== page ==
However in order to do so, and in order to highlight the contradictory nature of East Asian masculinities in which non-conformity to traditional gender, sex and sexuality binaries is simultaneously encouraged as performance and repressed as authentic identity as part of this journey, I will be going back in time. Specifically I will be discussing Leslie Cheung Kwok-wing (12th September 1956 – 1st April 2003) – one of Hong Kong’s brightest stars – whose gender crossings and performativity are echoed in the soft masculinity of contemporary K-POP boy groups.
In ‘Indonesian Fan Girl’s Perception towards soft masculinity as represented by K-Pop Male Idol’, Ayunigtyas writes:
Sun Jung (Tunstall, 2014) has defined this as East Asian soft masculinity. She has said that soft masculinity is a hybrid product constructed through the amalgamation of South Korea’s traditional seonbi masculinity (which is influenced by Chinese Confucian wen masculinity), Japan’s bishonen (pretty boy) and global metrosexual masculinity. Masculinity in K-pop seems to be in contrast with Korean traditional masculinity that defined by patriarchal authoritarian masculinity, hard masculinity rooted in compulsory military service for men and true seonbi (Confucian, traditional masculinity referring to young noblemen) (Leung, 2012) (2017, p. 53).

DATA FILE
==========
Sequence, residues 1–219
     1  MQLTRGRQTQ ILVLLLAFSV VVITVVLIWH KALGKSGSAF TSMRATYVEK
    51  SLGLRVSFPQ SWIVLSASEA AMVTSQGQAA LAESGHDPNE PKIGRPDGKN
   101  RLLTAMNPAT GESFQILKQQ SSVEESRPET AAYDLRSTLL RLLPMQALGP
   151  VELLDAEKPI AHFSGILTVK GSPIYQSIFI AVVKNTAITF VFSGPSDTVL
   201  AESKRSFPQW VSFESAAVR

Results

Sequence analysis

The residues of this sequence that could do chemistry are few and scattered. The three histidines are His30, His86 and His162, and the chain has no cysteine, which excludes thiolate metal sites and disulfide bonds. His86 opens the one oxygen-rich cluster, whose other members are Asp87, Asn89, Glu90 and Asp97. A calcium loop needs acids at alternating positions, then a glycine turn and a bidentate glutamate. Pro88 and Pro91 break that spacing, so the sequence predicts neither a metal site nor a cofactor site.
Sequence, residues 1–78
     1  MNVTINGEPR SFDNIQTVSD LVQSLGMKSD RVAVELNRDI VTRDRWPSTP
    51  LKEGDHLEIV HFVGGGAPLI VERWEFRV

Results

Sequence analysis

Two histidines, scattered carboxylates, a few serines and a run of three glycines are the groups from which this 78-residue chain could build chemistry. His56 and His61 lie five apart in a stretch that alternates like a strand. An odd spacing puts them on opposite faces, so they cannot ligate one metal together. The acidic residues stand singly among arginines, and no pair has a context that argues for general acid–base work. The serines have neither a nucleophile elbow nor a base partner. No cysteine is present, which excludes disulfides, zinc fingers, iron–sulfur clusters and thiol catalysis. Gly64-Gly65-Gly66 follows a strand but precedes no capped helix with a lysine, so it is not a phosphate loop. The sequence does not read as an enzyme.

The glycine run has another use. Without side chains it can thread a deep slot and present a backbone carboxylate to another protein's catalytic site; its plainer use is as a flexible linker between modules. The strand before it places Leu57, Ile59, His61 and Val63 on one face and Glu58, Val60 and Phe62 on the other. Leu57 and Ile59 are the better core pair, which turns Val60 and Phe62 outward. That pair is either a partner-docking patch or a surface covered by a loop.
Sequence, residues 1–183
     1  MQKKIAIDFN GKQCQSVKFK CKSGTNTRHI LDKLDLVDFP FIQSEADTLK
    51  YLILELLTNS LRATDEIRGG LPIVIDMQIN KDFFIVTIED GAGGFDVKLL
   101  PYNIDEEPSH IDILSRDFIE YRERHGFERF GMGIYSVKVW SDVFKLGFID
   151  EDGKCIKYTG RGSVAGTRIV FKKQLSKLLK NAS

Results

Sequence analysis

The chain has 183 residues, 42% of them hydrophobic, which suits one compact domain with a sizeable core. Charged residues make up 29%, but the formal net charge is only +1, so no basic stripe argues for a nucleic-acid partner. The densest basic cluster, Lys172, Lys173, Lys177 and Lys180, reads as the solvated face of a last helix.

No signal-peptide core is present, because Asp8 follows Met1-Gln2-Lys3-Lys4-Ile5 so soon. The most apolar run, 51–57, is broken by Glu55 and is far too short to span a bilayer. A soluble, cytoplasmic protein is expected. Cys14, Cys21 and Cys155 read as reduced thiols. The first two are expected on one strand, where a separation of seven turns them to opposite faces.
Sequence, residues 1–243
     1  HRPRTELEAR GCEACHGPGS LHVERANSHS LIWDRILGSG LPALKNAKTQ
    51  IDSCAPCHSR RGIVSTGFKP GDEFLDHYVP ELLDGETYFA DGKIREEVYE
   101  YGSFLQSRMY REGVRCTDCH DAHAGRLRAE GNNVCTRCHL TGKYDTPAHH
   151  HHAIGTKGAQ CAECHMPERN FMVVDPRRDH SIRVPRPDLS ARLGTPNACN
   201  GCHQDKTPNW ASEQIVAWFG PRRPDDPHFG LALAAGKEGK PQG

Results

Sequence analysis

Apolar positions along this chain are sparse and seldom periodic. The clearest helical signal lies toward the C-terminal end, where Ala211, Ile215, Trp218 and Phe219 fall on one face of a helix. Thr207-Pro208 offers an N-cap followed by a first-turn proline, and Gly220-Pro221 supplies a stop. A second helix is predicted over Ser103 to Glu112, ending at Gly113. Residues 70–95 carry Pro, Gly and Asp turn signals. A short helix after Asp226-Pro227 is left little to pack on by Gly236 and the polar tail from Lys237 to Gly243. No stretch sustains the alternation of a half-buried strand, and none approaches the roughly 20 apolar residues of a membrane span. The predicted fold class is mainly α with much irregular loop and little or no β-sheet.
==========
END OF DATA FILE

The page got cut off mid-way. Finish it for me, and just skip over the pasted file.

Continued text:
The conflict between soft and hard masculinities in South Korea can be seen in the recent coverage of G-Dragon, one of the members of Big Bang, who is coming up to having to enrol for compulsory military service and who I will also be discussing. He has recently completed a gruelling world tour, Act III, M.O.T.T.E. (Moment of Truth the End), during which he attended the Chanel Spring 2008 show wearing a woman’s sweater from the 2017 collection.
Elizabeth Peng in Vogue comments:
Often deemed androgynous or gender-bending in a society that maintains traditional, patriarchal values and a noted adherence to manufactured beauty ideals (and plastic surgery), G-Dragon has no qualms sitting atop a white throne in an effete burgundy velvet smoking tuxedo with a matching choker and drop earrings, or crooning a ballad one minute and spitting rhymes among a scantily clad, all-female ensemble the next.
It is clear that despite all this praise, G-Dragon is struggling to separate his Idol status from his authentic identity (if that it is at all possible) – Kwon Ji Yong – and has recently admitted to feeling overwhelmed by his schedule and expectations. There are reports that G-Dragon, talking about his impending enlistment in his final concerns in Taiwan, said “I have to go somewhere so I can become a man“. What then does it mean to be a man seems to be the question? Is it to put aside those things that are not considered ‘manly’? Research shows that manliness is imprinted at a very early age with the need for comfort, food and protection from the parent being overcome by gendered expectations. In ‘Toxic Masculinity is Killing Men: The Roots of Men and Trauma’, Kali Holloway points out that: